Thomas Jefferson Papers

To Thomas Jefferson from James Monroe, 19 February 1820

Washington Feby 19. 1820

Dear Sir

I forward to you by this days mail a copy of the Journal of the Convention which formd the constitution of the UStates. By the act of congress providing for the distribution of them, one is allowd to you, & likewise to Mr Madison & to Mr Adams.

The Intelligencer will communicate to you some account of the proceedings of congress on the Missouri question, & particularly of the late votes taken on different propositions in the Senate. It seems, that a resolution, was adopted on the 17th, which establishes a line, to commence, from the western boundary of Missouri, in Lat: 36. 30. & run westward indefinitely, north of which slavery should be prohibited; but permitted south of it. Missouri & Arkansas, as is presumed, to be admitted, without restraint. By the terms applied to the restriction “for ever” it is inferr’d that it is intended, that the restriction should apply to territories, after they become States, as well as before. This will increase the difficulty in [. . .] to an arrangement of this subject, otherwise sufficiently great, in any form, in which it can be presented. Many think that the right exists in one instance & not in the other. I have never known a question so menacing to the tranquility and even the continuance of our union as the present one. All other subjects have given way to it, & appear to be almost forgotten. As however there is a vast portion of intelligence & virtue in the body of the people, & the bond of union has heretofore prov’d sufficiently strong to triumph over all attempts against it, I have great confidence that this effort will not be less unavailing.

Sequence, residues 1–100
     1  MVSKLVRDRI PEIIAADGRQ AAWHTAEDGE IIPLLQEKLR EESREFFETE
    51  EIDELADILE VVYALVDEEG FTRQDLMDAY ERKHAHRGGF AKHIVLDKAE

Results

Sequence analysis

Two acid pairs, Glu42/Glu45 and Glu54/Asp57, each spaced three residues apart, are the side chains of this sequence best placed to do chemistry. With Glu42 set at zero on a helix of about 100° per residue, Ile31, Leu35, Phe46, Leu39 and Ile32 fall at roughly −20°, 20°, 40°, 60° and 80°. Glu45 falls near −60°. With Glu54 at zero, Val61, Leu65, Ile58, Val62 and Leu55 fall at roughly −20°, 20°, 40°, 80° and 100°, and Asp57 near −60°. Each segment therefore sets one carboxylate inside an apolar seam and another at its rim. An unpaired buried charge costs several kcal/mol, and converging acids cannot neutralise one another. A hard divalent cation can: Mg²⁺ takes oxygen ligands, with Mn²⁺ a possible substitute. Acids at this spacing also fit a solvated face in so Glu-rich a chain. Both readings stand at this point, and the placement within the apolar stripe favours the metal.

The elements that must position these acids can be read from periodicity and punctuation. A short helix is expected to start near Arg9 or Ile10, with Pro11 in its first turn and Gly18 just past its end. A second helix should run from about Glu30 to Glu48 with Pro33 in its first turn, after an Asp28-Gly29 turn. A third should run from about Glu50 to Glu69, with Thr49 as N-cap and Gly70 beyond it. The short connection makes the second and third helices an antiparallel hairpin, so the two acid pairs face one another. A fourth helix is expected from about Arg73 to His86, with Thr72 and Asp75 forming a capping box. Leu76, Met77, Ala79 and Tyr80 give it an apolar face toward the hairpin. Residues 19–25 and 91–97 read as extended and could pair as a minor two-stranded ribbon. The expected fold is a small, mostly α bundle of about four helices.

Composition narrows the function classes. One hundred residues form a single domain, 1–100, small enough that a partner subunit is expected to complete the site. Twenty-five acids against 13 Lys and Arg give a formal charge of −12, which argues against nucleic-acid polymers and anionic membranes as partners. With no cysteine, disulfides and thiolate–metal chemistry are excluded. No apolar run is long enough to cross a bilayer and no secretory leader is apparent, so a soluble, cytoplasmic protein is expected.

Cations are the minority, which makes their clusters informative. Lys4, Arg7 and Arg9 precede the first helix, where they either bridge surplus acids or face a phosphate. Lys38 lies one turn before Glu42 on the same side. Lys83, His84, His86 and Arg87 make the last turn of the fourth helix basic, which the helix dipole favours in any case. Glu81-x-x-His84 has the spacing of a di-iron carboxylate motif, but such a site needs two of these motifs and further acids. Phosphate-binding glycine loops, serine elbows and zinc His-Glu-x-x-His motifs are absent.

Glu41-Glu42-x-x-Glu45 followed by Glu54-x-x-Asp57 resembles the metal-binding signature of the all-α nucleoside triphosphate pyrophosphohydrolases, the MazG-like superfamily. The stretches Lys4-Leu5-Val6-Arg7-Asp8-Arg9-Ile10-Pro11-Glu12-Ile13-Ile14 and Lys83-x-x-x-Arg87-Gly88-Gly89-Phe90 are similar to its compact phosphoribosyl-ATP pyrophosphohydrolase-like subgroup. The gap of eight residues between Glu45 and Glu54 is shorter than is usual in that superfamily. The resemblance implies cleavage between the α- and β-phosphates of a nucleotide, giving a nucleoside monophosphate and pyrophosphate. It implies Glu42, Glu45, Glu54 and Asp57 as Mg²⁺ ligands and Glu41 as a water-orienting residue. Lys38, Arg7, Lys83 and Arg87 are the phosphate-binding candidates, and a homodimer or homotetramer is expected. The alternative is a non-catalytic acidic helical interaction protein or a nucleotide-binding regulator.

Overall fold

with great respect I am your friend

James Monroe

DLC: Papers of Thomas Jefferson.

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